Navy Task Force Calls for Changing Ship Names that Honor Confederacy

USS Chancellorsville (CG 62) conducts a high-speed turn
The Ticonderoga-class guided-missile cruiser USS Chancellorsville (CG 62) conducts a high-speed turn alongside the forward-deployed aircraft carrier USS Ronald Reagan (CVN 76) before a pass in review as part of the Republic of Korea (ROK) International Fleet Review (IFR) 2018, Oct. 11, 2018. (Brandon Martin/U.S. Navy)

The Navy needs to modernize the way it names ships, buildings and streets, and the service should rename assets that honor the Confederacy, a task force designed to identify problematic policies recommended this week.

The recommendation is one of nearly 60 presented to Chief of Naval Operations Adm. Mike Gilday in a new 141-page report released Wednesday from Task Force One Navy. Gilday ordered the creation of the task force in July following the death last May of George Floyd, a Black man who died in the hands of law enforcement, prompting nationwide protests about racism and police brutality.

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Task Force One Navy was directed to identify and dismantle barriers of inequality. The group, led by Rear Adm. Alvin Holsey, who recently commanded Carrier Strike Group 1, held hundreds of listening sessions and focus groups ahead of releasing their recommendations to the CNO.

The group found the Navy lacks a consolidated database or process for reviewing the names of ships, streets, buildings and other assets to ensure they reflect the service's core values.

"This initiative is an opportunity to honor and name Navy assets for Naval heroes from all classes, races, genders and backgrounds," their report states.

It notes that members of Congress and the media have identified ship names that have ties to the Confederacy or white-supremacist ideologies. The names of two warships -- that of the aircraft carrier John C. Stennis and the guided-missile cruiser Chancellorsville -- faced new scrutiny last summer following the push to rename 10 Army installations that honor Confederate leaders.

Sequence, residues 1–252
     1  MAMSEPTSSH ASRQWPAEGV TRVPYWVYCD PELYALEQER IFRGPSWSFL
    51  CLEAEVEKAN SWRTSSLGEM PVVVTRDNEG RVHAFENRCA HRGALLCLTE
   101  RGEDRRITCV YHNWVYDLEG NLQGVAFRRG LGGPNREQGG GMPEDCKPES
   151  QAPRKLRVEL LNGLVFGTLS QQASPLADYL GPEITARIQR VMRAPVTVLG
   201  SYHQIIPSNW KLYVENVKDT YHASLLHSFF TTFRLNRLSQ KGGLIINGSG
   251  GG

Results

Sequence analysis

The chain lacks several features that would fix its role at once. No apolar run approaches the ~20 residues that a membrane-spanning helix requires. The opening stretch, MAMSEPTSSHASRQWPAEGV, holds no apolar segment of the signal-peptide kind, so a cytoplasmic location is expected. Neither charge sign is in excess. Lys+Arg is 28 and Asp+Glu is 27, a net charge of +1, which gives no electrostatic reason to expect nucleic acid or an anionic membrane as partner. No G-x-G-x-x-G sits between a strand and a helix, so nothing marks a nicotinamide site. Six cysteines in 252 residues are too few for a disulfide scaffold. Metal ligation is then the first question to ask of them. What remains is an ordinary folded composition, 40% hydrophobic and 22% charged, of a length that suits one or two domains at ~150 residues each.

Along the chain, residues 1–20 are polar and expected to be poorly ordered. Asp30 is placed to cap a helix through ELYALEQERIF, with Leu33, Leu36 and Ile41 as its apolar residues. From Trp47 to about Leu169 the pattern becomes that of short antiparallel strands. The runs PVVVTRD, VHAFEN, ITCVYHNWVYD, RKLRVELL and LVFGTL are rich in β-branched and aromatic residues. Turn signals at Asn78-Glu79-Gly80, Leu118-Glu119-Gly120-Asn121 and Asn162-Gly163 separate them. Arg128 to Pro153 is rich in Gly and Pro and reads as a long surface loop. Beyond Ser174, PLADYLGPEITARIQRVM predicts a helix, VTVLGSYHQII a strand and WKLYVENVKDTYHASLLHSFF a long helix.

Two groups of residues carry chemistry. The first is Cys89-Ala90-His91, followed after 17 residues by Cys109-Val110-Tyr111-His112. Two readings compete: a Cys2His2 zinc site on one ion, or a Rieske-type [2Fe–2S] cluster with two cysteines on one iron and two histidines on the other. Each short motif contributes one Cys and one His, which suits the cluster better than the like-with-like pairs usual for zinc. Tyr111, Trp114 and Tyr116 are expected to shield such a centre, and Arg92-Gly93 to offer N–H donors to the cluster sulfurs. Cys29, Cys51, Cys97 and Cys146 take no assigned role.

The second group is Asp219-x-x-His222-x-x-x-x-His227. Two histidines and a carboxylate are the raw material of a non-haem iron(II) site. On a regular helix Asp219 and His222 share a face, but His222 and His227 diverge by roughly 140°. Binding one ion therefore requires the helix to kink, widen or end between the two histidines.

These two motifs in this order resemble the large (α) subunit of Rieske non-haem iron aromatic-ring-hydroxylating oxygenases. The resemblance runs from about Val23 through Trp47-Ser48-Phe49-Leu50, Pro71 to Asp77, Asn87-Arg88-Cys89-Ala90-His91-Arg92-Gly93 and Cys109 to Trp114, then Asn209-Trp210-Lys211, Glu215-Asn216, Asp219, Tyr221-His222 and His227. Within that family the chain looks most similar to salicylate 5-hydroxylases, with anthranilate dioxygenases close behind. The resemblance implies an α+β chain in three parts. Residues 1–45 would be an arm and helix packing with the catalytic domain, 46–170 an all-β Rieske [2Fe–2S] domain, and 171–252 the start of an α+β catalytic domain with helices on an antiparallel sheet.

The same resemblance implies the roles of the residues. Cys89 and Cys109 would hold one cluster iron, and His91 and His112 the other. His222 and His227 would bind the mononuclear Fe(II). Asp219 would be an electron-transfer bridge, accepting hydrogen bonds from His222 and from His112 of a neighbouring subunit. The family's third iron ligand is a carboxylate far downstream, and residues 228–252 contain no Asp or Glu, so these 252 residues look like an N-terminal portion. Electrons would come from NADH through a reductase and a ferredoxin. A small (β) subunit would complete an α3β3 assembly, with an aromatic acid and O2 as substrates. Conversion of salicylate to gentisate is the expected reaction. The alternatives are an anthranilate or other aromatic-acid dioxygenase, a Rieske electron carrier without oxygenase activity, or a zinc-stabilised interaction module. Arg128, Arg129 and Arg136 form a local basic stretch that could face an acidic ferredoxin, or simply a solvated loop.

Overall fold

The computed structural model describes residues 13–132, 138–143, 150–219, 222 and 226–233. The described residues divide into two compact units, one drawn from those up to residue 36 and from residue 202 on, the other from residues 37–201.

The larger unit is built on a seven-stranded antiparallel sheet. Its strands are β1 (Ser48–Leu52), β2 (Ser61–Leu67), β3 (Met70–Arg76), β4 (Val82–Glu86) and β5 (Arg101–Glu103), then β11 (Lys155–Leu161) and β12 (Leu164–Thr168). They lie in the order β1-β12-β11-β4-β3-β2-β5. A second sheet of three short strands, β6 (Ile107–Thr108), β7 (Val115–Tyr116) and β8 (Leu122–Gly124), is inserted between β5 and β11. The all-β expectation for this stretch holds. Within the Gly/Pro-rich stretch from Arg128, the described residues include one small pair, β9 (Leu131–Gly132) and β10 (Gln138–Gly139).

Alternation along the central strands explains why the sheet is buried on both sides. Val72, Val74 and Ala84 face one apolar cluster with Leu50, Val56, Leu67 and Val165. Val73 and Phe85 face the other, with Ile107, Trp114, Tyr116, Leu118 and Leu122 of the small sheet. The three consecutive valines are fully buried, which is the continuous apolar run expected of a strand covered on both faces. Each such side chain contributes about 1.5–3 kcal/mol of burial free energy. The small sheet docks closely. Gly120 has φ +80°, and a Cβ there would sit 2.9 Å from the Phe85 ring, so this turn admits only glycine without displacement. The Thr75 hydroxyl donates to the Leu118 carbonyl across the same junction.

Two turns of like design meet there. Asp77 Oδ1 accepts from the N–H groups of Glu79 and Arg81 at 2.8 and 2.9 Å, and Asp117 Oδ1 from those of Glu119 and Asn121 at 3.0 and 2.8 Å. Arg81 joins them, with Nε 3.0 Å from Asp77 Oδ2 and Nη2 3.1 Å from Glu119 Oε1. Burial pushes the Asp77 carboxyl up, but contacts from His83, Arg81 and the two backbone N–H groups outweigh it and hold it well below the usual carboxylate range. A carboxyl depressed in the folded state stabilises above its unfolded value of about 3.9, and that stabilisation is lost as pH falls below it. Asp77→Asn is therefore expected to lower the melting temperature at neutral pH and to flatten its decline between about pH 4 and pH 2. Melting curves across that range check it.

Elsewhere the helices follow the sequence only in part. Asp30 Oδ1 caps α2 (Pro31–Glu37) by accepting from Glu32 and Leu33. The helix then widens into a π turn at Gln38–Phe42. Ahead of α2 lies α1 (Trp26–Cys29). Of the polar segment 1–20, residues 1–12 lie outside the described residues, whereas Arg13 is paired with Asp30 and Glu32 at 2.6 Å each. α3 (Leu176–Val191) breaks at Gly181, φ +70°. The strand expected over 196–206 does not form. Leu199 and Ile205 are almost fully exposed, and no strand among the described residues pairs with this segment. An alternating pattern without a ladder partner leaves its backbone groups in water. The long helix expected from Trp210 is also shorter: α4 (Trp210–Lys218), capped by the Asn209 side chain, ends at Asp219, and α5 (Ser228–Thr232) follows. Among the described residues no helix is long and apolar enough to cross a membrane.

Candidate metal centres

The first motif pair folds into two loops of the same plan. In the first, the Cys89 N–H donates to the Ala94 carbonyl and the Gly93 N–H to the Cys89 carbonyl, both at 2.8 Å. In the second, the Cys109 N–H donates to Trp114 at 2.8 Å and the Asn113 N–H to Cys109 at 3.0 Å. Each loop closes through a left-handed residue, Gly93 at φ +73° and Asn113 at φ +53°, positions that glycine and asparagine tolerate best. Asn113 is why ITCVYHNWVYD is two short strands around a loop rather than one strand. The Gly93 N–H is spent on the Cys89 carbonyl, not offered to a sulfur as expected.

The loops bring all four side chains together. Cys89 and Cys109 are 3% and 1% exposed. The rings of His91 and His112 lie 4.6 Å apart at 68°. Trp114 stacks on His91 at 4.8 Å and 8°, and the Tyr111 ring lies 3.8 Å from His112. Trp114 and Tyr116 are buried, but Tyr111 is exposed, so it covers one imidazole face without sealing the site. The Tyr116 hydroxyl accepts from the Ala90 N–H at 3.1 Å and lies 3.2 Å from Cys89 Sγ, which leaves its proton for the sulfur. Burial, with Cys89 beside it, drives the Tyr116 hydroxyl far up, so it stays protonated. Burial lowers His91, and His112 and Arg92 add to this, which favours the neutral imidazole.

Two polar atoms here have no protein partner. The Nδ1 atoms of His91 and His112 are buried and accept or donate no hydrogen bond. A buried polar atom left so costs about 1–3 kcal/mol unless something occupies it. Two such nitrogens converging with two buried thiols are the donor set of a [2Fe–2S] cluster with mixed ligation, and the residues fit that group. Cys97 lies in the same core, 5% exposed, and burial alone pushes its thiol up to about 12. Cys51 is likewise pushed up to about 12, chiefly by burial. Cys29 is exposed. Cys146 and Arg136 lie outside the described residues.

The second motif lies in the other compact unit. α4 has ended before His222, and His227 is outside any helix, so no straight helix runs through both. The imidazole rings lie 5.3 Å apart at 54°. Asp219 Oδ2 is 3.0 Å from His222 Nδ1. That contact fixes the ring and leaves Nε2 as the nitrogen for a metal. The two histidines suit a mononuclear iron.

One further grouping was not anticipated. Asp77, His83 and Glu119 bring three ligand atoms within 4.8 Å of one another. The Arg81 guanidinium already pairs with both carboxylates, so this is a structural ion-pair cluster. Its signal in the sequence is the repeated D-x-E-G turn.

As retired Lt. Cmdr. Reuben Keith Green noted last year in U.S. Naval Institute's Proceedings magazine, Stennis had a long record of championing white supremacy.

"Most sailors -- and Navy leaders -- have little idea of his background, but the Navy, as an institution, has a moral obligation to know," Green argued. "And, it should act."

The Chancellorsville, named for the major 1863 Civil War battle, was won by the Confederacy.

The task force says the Navy needs to initiate a systematic review to identify any assets that honor the Confederacy or are named for "racist, derogatory or culturally insensitive persons, events or language."

"Renaming recommendations and decisions should be consistent with current naming authorities, policies and practices, with a focus on honoring persons of historically underrepresented demographics, including racial minorities, women and enlisted members," the recommendations state.

The Navy should create a committee, it adds, that will produce a database where names of ships, streets and buildings can be reviewed. It will likely require installation commanders to provide lists of buildings and streets on their bases that are named for people.

The committee can then coordinate with ethics and history experts to identify problematic names and propose replacements.

Ultimately, the task force wrote, the CNO and Navy secretary could make naming decisions that reflect diversity and inclusion in the next six to 12 months.

Gilday says he's committed to seeing Task Force One Navy's recommendations carried out.

"Our Navy must continue to remove barriers to service, and most importantly, be a shining example of a workforce centered on respect, inclusive of all," the CNO said.

-- Gina Harkins can be reached at Follow her on Twitter @ginaaharkins.

Related: Navy Ship Names Could Fall Under Pentagon's New Diversity Review

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